A new rule recently finalized by the Federal Motor Carrier Safety Administration (FMCSA) will amend the hours-of-service safety regulations that govern how long commercial truck drivers can work within given time frames.
The newly revised regulations, scheduled to take effect on July 1, 2013, aim to aid truckers by helping to ensure they receive the proper amount of rest required to operate their vehicles safely and efficiently on the road. Officials with the FMCSA, an office under the control of the U.S. Department of Transportation, stated they relied on scientific research on driver fatigue in developing the rule.
The current daily driving limit of 11 hours for commercial truck drivers will remain intact under the new rule. Officials with the FMCSA have announced that they will continue to do research and analyze data linked to the 11-hour driving limit and any risks involved with that amount of time on the road.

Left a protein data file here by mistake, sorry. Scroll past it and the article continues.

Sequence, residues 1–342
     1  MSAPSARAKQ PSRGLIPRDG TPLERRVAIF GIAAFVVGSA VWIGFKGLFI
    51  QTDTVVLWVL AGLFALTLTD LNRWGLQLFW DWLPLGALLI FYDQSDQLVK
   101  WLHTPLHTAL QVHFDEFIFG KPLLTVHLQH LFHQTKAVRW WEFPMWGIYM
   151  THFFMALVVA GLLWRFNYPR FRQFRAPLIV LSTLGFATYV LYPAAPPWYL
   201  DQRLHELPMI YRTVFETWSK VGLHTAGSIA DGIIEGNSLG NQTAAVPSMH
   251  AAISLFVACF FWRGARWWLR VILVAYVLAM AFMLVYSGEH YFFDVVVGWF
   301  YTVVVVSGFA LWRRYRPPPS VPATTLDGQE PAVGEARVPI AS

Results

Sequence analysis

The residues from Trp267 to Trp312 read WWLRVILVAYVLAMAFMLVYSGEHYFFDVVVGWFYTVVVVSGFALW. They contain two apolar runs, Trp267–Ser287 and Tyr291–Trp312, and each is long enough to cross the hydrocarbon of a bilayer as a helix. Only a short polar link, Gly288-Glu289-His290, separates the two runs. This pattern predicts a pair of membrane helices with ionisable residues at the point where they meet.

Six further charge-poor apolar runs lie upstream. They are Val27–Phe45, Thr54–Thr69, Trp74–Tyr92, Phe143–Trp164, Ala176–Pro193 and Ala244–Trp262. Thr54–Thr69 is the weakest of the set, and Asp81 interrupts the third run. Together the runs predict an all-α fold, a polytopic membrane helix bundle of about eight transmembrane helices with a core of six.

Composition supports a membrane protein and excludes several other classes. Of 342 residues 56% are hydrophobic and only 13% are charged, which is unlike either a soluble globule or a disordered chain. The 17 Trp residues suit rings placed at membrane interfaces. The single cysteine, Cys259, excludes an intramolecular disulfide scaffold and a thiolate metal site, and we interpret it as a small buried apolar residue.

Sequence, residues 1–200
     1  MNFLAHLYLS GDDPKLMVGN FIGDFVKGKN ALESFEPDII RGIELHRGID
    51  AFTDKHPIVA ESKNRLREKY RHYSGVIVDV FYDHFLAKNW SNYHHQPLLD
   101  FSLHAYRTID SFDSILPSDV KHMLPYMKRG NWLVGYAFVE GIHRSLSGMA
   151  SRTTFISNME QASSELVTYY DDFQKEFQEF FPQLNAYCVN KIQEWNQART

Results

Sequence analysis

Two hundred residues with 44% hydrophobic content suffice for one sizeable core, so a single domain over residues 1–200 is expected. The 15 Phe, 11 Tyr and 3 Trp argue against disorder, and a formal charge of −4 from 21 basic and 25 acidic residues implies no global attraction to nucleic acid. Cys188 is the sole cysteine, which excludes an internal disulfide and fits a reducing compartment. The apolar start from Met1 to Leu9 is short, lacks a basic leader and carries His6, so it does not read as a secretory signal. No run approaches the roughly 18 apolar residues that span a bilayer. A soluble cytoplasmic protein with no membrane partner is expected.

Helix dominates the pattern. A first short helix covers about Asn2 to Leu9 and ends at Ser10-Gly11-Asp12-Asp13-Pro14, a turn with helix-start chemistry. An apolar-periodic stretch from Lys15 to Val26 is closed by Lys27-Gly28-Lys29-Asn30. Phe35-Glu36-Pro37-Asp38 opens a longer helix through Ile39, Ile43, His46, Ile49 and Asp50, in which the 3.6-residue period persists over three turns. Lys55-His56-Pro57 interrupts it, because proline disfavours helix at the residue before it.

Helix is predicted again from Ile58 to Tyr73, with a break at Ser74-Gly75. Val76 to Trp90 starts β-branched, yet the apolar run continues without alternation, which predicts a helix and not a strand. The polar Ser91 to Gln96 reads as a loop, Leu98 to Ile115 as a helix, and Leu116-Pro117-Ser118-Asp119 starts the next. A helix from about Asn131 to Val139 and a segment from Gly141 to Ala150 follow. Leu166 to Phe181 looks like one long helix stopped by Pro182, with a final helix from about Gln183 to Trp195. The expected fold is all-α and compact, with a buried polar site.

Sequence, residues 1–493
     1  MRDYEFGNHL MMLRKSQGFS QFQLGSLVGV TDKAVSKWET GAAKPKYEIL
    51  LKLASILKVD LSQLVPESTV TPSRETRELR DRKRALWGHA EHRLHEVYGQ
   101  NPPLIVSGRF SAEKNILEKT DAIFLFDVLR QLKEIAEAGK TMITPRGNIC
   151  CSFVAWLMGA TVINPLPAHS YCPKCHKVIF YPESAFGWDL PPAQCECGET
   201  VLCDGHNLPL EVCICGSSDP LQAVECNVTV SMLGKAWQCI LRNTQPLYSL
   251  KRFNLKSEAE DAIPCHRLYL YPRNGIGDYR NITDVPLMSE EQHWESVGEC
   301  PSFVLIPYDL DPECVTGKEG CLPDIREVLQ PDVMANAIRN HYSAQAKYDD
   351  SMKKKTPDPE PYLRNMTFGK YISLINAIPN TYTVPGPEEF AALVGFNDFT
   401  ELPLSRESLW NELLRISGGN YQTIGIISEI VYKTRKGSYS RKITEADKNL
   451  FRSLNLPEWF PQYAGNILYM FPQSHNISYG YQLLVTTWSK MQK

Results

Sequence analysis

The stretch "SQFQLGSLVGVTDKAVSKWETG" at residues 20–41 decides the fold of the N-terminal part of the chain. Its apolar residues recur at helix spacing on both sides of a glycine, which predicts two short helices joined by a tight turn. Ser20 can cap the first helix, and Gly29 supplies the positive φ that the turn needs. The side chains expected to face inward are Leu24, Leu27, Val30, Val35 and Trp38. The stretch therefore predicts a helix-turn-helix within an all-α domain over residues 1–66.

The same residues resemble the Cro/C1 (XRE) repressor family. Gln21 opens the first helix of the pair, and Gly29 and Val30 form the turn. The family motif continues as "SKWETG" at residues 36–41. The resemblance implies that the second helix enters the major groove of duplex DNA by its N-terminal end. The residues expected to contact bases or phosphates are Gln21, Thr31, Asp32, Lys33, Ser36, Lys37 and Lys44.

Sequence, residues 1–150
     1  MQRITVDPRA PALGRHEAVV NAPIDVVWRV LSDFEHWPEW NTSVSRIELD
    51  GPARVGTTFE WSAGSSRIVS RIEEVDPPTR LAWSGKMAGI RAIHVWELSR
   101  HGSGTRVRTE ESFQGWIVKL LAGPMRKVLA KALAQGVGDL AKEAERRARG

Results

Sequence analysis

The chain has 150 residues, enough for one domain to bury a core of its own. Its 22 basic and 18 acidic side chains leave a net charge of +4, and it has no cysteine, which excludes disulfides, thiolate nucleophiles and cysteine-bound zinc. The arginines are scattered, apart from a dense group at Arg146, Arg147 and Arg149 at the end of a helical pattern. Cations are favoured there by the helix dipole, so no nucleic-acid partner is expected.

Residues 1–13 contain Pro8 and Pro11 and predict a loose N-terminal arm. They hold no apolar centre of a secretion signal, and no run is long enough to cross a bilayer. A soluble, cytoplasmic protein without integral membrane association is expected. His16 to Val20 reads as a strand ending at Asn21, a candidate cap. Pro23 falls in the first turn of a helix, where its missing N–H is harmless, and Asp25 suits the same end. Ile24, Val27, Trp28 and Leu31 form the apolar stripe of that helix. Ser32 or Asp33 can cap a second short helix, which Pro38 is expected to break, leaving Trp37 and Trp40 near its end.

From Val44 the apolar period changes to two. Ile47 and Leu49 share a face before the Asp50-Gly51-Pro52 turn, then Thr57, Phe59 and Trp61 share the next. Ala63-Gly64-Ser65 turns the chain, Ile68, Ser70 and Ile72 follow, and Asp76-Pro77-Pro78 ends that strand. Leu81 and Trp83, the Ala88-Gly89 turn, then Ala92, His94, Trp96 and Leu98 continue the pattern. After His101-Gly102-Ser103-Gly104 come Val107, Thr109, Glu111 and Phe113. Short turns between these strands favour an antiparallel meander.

Under the newly adopted hours-of-service regulations, a commercial truck driver’s seven-day work week will be limited to a maximum of 70 hours. The old regulations permitted truck drivers to work as many as 82 hours during a seven-day work week.
Another provision of the new rule states that truck drivers are allowed to work no longer than eight hours unless they first take a rest period of no less than 30 minutes. Drivers are permitted to have that half-hour break at any time during that eight-hour span.
A significant part of the new rule allows commercial truck drivers to take advantage of the so-called “34-hour restart provision.” This provision permits drivers to restart the count on their official work week by going off duty for at least 34 hours in a row. Drivers may utilize the 34-hour restart provision a maximum of one time in any seven-day stretch. The new rule also mandates that drivers who are “maxing out” the number of their hours on duty must have at least two nights worth of rest from 1 a.m. to 5 a.m. This part of the rule aims to help drivers regulate their 24-hour body cycle.
Trucking firms that disregard the new rule could face fines of as much as $11,000. Individual drivers who break the rule could face a fine of $2,750 per offense.
Administrators with the FMCSA believe the new regulations will make the roads safer by helping commercial truck drivers remain rested, focused and alert.